I walked into a SoHo hotel suite and found Rowan Blanchard, clad in the same blue satin dress I had just been looking at online, FaceTiming a friend. “Hi!” she said to me sweetly before walking back to the bedroom to finish her call. “Staud fall 2018?” I asked, pointing at her dress. “I love it, but I can’t sit down. It wrinkles,” she answered quickly as she typed. The scene felt familiar, exactly like an interaction I’d have with anyone but a celebrity. But a celebrity Blanchard is, with a hit television show, movie roles, modeling gigs, a book, and now a skincare partnership with Bliss under her belt.
Oh, and she was born in 2001. “About a year ago, we shot a campaign together, and it was a really special day,” Blanchard said of her interaction with the brand. “It felt like the correct connection for me to make. It celebrated being young. Bliss is something that I’ve had memories of from when I was really young. It’s affordable, accessible, and it just feels appropriate for me to partner with and represent.”
Age was the thread that strung most of her sentiments together—a self-awareness about how to best navigate a world and industry packed with adults decades older. A conversation with Blanchard feels thoughtful, a nod to her intelligence and well-spoken nature, but also joyful. Through each word runs a youthful undercurrent, this understanding that she’s allowed to mess up and start over or make jokes and have fun. For one, we did the interview on her bed—a massive, pillow-top cloud stationed in the middle of the room.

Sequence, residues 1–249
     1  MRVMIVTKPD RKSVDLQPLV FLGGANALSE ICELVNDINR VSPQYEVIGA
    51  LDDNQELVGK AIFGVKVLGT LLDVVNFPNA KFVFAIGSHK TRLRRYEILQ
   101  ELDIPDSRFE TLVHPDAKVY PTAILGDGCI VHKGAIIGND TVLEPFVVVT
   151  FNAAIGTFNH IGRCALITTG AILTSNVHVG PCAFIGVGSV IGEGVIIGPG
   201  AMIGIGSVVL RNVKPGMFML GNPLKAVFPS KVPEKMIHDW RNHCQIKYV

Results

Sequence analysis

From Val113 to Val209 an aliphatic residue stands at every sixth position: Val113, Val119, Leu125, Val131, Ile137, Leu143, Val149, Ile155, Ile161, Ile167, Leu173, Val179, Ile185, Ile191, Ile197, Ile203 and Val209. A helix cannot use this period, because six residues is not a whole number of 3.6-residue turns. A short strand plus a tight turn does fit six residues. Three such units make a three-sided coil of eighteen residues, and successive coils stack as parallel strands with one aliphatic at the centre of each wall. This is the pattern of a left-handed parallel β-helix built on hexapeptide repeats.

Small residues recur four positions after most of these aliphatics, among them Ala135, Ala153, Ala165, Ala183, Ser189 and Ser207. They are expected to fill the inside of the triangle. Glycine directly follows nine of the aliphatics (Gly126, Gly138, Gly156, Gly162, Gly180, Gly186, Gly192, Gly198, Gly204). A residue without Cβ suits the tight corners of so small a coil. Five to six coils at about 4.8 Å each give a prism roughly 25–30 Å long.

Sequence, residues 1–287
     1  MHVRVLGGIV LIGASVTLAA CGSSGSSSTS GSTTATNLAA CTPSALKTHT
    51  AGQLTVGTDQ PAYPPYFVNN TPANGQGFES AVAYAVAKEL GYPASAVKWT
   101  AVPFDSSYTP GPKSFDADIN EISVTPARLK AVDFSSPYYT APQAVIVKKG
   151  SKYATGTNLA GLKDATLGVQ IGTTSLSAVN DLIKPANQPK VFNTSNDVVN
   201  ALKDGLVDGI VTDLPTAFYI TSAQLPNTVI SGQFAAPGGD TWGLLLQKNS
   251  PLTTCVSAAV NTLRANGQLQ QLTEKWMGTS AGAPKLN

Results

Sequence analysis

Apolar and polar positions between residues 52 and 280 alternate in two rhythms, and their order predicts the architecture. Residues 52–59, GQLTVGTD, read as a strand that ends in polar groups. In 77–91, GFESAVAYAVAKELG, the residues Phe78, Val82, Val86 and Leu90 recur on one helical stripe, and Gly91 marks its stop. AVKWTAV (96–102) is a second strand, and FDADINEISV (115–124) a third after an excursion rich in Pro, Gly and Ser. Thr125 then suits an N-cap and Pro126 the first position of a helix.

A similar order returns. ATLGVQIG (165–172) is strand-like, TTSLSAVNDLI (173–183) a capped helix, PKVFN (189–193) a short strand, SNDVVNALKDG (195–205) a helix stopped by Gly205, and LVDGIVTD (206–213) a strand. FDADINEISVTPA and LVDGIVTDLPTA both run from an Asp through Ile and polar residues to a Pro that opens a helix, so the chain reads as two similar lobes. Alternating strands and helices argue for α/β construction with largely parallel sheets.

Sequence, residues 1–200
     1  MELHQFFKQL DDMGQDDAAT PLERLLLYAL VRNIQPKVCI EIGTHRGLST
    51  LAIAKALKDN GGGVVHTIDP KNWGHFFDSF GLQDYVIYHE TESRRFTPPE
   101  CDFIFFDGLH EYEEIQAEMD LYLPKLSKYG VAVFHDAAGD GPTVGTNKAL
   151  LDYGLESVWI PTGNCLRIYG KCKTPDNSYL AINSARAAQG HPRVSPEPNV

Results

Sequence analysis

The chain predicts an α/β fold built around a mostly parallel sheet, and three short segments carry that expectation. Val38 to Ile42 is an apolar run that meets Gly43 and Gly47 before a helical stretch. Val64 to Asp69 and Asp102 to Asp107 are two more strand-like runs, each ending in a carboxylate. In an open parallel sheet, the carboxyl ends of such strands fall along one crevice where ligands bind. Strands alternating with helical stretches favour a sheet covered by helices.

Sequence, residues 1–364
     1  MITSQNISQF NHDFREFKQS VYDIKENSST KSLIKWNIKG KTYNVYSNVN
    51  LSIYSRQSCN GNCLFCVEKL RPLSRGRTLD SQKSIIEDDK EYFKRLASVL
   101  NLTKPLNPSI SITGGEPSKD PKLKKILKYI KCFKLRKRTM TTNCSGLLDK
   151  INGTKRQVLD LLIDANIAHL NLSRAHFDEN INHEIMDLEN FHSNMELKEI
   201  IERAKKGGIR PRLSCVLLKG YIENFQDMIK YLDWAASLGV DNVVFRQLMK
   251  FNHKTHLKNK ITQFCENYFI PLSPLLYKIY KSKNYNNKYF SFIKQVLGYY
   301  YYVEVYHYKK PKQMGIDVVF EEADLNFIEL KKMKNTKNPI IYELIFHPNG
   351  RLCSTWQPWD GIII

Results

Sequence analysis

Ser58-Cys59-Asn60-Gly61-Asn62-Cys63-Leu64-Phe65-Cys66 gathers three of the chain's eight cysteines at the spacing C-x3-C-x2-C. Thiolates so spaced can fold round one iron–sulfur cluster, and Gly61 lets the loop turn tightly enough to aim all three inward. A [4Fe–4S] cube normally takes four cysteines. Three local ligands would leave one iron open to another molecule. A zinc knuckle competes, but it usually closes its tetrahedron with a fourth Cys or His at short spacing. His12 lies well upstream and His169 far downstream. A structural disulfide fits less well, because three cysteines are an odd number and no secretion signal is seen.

She curled up in the fluffy white blankets, and I turned on my voice recorder and climbed in. “I feel like so many questions I get asked are about how you should just be confident through your teenage years, and I’m like, of course, your teenage years suck! You’re a teenager! I don’t know one person alive, nor do I trust one person alive, who says, ‘They were so easy.’ Even two or three years ago, I’d tell myself, ‘Relax. You’re not supposed to know the answer. It’s cool.’”
Born and raised in Los Angeles, Blanchard credits the city for her wash-and-go mentality. She doesn’t wear makeup when she’s not working and likens her West Coast style to just a T-shirt. “There’s definitely a more laid-back vibe there,” Blanchard says of her hometown. “For New York, I’m packing my really good clothes. In L.A., it’s less expected to see someone walking down the street giving a full look. It’s all part of a grander performance in New York.” Similarly, the wellness industry has influenced a lot of her life, as both her parents are yoga instructors and she’s been eating a plant-based diet for years.
“My favorite restaurant in L.A. is Crossroads. I’m vegan, but I eat sushi. I was full vegan for a while. I don’t cook fish. But I mean, sushi’s that girl. I can’t deny it anymore. Sushi is… damn. I love the Impossible Burger, too. I’ve never had red meat in my entire life, but I understand why people eat red meat if that’s what it tastes like. My parents stopped eating it before I was born, so I never tried it.”